Florence Pugh is opening up about the “immense guilt” she felt wrapping “Midsommar.”
The Oscar-nominated actress looked back on the 2019 psychological thriller written and directed by Ari Aster. Pugh plays Dani, a psychology grad student whose toxic relationship unravels while visiting a cult-like community in Sweden.
“When I did it, I was so wrapped up in her and I’ve never had this ever before with any of my characters,” Pugh said during the “Off Menu” podcast. “I’d never played someone that was in that much pain before, and I would put myself in really shitty situations that maybe other actors don’t need to do but I would just be imagining the worst things.”
The “A Good Person” star continued, “Each day the content would be getting more weird and harder to do. I was putting things in my head that were getting worse and more bleak. I think by the end I probably, most definitely abused my own self in order to get that performance.”
Pugh added, “We were shooting in a very hot field with three different languages, so I wouldn’t say that all of it was pleasurable. Also, it shouldn’t be. Why would making a movie like that be pleasurable?”
Immediately following “Midsommar,” Pugh relocated to Boston for Greta Gerwig’s “Little Women” and endured emotional whiplash between the two roles.
“I remember looking [out the plane] and feeling immense guilt because I felt like I’d left [Dani] in that field in that [emotional] state,” she said. “It’s so weird. I’ve never had that before. Obviously, that’s probably a psychological thing where I felt immense guilt of what I’d put myself through but I definitely felt like I’d left her there in that field to be abused, almost like I’d created this person and then I just left her there to go and do another movie.”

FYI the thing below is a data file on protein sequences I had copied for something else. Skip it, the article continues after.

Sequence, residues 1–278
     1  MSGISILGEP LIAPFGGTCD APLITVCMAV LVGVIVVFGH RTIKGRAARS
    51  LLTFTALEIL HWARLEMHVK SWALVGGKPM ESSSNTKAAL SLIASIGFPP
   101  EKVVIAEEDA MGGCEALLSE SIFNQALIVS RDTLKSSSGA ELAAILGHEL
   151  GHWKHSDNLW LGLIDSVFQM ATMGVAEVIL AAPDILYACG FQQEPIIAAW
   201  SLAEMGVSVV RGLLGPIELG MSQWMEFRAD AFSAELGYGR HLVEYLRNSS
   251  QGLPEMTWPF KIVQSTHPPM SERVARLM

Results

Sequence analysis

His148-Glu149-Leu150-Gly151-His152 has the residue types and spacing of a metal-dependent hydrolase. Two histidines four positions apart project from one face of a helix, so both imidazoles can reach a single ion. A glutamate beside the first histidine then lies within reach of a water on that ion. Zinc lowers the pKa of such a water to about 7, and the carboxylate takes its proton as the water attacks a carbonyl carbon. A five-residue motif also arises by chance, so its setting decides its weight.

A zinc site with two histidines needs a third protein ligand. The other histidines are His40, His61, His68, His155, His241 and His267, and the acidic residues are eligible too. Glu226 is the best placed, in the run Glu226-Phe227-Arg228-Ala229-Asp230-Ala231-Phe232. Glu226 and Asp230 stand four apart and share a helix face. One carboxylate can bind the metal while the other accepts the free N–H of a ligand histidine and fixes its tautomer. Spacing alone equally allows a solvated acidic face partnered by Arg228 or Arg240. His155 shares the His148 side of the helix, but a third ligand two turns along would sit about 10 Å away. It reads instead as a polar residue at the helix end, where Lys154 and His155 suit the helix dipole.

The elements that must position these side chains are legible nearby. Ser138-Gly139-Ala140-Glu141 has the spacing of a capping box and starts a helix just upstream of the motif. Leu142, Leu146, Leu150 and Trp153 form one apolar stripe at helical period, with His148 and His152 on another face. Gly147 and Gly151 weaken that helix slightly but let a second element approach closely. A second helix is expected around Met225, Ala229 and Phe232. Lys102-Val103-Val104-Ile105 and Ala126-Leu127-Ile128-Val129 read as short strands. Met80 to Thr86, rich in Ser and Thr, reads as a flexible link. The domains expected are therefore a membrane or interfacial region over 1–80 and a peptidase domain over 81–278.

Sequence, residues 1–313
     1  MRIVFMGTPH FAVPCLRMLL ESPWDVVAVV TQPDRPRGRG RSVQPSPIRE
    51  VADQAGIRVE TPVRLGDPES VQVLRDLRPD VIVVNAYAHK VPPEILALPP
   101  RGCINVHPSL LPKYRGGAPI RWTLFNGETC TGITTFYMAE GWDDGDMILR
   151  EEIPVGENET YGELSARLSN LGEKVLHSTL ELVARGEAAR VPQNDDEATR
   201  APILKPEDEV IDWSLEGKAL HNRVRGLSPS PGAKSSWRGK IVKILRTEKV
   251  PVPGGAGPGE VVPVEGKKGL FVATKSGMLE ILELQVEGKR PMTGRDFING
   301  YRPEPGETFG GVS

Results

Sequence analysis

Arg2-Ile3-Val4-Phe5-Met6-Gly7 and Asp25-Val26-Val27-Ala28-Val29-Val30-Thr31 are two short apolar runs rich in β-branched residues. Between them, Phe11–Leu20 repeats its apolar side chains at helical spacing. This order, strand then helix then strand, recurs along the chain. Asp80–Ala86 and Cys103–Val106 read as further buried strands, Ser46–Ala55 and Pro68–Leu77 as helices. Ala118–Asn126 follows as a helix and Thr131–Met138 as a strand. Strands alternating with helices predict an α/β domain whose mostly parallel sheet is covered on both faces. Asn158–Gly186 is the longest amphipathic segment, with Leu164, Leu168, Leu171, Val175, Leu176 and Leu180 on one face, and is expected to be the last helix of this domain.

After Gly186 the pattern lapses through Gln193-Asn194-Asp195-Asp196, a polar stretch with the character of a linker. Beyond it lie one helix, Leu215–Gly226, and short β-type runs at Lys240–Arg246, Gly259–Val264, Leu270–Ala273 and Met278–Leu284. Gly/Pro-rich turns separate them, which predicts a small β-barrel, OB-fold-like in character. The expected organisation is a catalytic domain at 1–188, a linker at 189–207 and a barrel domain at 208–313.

Pugh wrote a tribute to the “Midsommar” cast, calling it a “true sisterhood” in a social media post at the time.
“I remember the first take being so long, much longer than is displayed in the film that you all watched,” Pugh said, citing the infamous climatic breakdown scene with Dani. “When Ari said cut, we all clung on to each other’s arms and dug our nails into each other’s palms and wept. Sobbed. Heaved. I remember it being really hard to stop…Truly, these women made this scene possible. I knew I would never be so open and so raw and so exhausted like I was that day ever again. Scenes that make you hurt, or cringe, or turn away from the screen when watching are scenes designed to make you feel, for ten seconds at least, the most human. But for us, it was hours. Beautiful, hard, proud hours.”
The “Don’t Worry Darling” actress also recently cited the immense weight of the floral gown she wore in the final sequence of the film.
“That dress was so heavy,” Pugh said during the “Hot Ones” YouTube series. “These amazing costume makers and designers spent months, weeks, making that. And all of those flowers were individually made and handmade, and they all have wire in them. So every single one of those flowers then obviously adds to the weight of the dress. It would take like 15, 20 minutes to get in and out of it. So I tried to stay still. It meant on the hot days, I would get fucking hot.”
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